I didn't spend much time searching Chowhound before my trip to Nashville since I knew I was basically throwing myself into the hands of my local friends anyway. Here's a quick roundup on where we ended up:
Wednesday lunch: There's an apparently recently opened Japanese place in the strip of restaurants right near that damned traffic circle on Music Row. (Can I tell you how many times I drove around that thing in a circle trying to get onto 16th to pick up my friend?) It is, sadly, a bad recently opened Japanese restaurant. The yakisoba dish I ordered was basically overcooked -- overcooked noodles, overcooked vegetables, even the sauce tasted a little burnt.
Wednesday dinner: Burgers and such at Merchant's. The salmon burger was pretty decent. The key lime pie was excellent. The waiter brought me about 98 cups of diet coke, which, when you consider I hadn't slept in some 36 hours at that point and was trying to stay awake for the Kris Kristofferson Artist in Residence show at the Hall of Fame that night was the best thing he could possibly have done for me. I didn't pay that bill, or I'd have left him a huge giant tip for never letting my glass get down past a quarter all night.
Thursday lunch: Jack's on Broadway. This was described to me as 'adequate if not great BBQ that's about typical for Nashville.' I can't say for sure if it was typical, but I can attest to it being adequate but not great. Better than anything you can get in Toronto, but that's saying approximately nothing, as we have no BBQ here worth eating. The ribs were pretty good, though, and had nice smokiness. The baked apples nearly ripped the top of my mouth out, as they were very, very hot, but they were good.
Thursday dinner: Monell's in Germantown. This was really fun. The shared tables and family style dining and the friendly staff all combined for a great atmosphere. It really does feel like family dinner. Most things were good (though I can't say I was much for their biscuits, really) and the fried chicken was much better than good. I really liked the white bean dish, as well.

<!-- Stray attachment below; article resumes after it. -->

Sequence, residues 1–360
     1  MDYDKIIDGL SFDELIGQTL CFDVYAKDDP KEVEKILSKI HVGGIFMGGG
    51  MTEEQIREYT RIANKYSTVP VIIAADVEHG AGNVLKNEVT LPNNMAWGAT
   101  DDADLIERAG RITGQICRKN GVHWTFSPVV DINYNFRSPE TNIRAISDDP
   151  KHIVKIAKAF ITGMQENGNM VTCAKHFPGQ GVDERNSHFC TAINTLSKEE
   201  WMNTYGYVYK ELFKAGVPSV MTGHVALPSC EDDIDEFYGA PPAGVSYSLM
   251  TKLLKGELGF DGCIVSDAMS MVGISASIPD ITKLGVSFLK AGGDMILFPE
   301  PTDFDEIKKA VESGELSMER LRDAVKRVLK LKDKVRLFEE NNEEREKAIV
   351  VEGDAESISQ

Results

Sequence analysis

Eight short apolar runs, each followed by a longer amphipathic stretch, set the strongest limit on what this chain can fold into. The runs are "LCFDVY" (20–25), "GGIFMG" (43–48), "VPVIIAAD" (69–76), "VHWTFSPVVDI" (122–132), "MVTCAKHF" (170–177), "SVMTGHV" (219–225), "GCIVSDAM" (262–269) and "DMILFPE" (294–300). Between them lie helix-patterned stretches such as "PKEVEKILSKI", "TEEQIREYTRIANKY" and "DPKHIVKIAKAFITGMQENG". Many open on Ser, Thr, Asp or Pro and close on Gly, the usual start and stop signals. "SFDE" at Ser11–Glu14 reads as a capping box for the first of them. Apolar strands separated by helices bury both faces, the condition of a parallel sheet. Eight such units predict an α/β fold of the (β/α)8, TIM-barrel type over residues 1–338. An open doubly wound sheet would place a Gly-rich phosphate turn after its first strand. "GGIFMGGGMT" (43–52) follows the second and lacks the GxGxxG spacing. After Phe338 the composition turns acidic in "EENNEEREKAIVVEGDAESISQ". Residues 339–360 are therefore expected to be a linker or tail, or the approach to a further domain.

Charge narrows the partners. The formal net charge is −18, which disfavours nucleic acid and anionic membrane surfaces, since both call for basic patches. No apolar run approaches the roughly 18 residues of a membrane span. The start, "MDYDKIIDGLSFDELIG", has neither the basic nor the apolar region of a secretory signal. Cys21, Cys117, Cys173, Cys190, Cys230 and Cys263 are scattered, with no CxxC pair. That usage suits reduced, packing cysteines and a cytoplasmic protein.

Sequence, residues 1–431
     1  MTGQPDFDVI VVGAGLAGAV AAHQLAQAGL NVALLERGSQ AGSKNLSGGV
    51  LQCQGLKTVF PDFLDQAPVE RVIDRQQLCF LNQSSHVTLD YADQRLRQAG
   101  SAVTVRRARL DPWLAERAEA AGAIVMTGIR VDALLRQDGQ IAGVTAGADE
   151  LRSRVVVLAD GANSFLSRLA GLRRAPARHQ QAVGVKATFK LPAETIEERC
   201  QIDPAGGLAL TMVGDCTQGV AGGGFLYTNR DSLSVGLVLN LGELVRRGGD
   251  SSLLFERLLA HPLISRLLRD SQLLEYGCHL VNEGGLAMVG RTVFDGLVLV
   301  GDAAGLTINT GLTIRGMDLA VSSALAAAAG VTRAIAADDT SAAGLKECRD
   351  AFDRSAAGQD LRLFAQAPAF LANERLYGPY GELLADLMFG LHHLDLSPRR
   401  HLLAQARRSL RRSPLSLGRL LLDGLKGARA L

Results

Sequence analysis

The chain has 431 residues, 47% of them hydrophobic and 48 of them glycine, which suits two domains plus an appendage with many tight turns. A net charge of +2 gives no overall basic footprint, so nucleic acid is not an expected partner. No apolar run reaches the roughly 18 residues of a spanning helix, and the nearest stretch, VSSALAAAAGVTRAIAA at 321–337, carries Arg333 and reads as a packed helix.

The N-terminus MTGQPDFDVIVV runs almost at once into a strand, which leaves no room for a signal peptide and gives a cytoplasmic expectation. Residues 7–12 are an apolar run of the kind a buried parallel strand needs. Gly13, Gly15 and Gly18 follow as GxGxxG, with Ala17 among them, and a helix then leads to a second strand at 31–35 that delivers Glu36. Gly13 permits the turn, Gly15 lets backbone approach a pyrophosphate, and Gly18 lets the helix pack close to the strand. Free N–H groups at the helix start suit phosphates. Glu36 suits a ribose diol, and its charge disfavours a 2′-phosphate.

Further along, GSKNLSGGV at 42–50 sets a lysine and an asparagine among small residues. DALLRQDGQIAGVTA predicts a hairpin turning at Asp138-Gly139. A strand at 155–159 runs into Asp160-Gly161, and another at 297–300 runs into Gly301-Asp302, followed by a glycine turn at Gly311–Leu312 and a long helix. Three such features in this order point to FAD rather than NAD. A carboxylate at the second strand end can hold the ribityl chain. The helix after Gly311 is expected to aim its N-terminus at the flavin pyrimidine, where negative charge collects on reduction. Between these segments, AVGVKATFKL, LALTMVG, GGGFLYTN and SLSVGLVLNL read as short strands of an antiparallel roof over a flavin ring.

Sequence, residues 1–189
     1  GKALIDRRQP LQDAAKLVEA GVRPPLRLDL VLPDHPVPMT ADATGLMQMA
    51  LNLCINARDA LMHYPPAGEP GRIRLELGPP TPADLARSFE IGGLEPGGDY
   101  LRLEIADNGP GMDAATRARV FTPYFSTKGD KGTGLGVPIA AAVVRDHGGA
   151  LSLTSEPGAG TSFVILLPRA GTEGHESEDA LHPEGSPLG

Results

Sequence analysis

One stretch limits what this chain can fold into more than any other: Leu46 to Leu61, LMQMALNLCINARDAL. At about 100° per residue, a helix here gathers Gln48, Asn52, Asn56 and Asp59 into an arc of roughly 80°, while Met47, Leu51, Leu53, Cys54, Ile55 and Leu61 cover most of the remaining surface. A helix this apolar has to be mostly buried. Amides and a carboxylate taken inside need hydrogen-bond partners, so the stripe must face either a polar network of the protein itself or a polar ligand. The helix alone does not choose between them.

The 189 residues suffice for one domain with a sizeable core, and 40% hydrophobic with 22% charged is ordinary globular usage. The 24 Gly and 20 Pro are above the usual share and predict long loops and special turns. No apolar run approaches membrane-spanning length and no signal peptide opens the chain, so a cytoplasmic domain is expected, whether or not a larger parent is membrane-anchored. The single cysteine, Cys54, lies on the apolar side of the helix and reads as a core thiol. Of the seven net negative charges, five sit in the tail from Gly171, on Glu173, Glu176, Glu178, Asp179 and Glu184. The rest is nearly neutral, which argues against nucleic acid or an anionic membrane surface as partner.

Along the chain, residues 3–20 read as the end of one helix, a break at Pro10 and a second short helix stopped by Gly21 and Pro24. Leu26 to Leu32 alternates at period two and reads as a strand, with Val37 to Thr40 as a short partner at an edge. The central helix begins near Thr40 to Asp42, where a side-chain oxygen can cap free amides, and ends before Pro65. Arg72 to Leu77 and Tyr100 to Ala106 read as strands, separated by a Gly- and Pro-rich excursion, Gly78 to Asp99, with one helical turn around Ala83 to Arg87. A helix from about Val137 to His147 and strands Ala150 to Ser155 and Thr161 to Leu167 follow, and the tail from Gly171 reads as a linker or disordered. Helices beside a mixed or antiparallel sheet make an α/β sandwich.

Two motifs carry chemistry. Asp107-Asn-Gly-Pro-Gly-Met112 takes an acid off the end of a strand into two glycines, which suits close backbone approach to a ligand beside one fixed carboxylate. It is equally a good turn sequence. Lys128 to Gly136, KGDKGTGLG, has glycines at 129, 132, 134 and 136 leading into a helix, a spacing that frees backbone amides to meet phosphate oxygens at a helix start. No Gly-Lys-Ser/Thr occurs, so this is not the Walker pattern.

Friday lunch: Jackson's. I have no idea where in town we were at that point. I ordered a burger, which was decent enough, and then followed it up with the trashiest dessert imaginable. Cookie dough egg rolls. Cookie dough in an egg roll rapper, deep fried and served with ice cream and chocolate sauce. The ice cream was really terrible and melted practically into water, but the cookie dough egg rolls were wickedly disgusting. They were so wrong and so right all at the same time. I wouldn't recommend eating them exactly -- you'll probably feel bad about yourself after, but you'll enjoy it while it's happening.
Saturday and Sunday brunch: Ellendale's which was somewhere in the middle of nowhere. Filled with graciously charming staff who seemed to know absolutely everyone who walked in the door. Some of the food was suffering rather badly from steam-tableness, but in general it was all still pretty good. The biscuits at Ellendale's, for those of you keeping track of biscuit quality at restaurants carved out of former houses that feature portraits of the previous owners of the home, are much better than the ones at Monell's. I also ate way too much chicken fried steak, because they just don't do that to steaks up in Canada. Which is probably for the best, really. But still, I couldn't resist. The dessert table is a highlight, especially the decadent frosting on top of the carrot cake.
Saturday dinner: This was sort of the surprise meal of the week. In between Alton Brown's cooking demo and the meet and greet (did I mention I was in Nashville to see Alton Brown?), the Opryland staff put on a wine and cheese pairing session for the VIP ticket holders. The maitre fromager from the steakhouse at Opryland did a more than credible job of entertaining the crowd (and following Alton is a tough act) so we decided to go to the steakhouse for dinner in the interests of meeting his cheese cart. We hadn't quite factored in the food we ate at the tasting, and then at the meet and greet, so we never actually found room for the cheese cart. But dinner itself was excellent.
I didn't really expect much of the steakhouse in such an obviously tourist hotel. A nice enough room, but we were seated in the bar and the service was kind of flaky. I opted for the rack of lamb as my entree, while we ordered asparagus and mashed for sides. Sides were good and flavourful, but the lamb. Oh, the lamb.
You might want to get comfortable here, because I could go on for awhile about the lamb.
The portion was generous. The preparation was flawless -- it was perfectly cooked to medium. When I cut off the first slice, the knife slid through it like it was butter, which I attributed to a good knife.
But then, I put the lamb in my mouth and it melted away. It was like chocolate--if chocolate was salty and meaty.
I've had a lot of pretty lovely lamb, and a lot of pretty lousy lamb, and a lot of lamb that I'm pretty sure hadn't been lamb for a good number of years. But that lamb was undeniably the best I've ever had.
I wish there'd been time and room for the cheese cart, but I might have had to miss the lamb.
Anyway, contrary to what I was told before I went, it's not true that there's no good food in Nashville. There may well be a lot of bad food in Nashville, but there's good food, too. And then there's that lamb.
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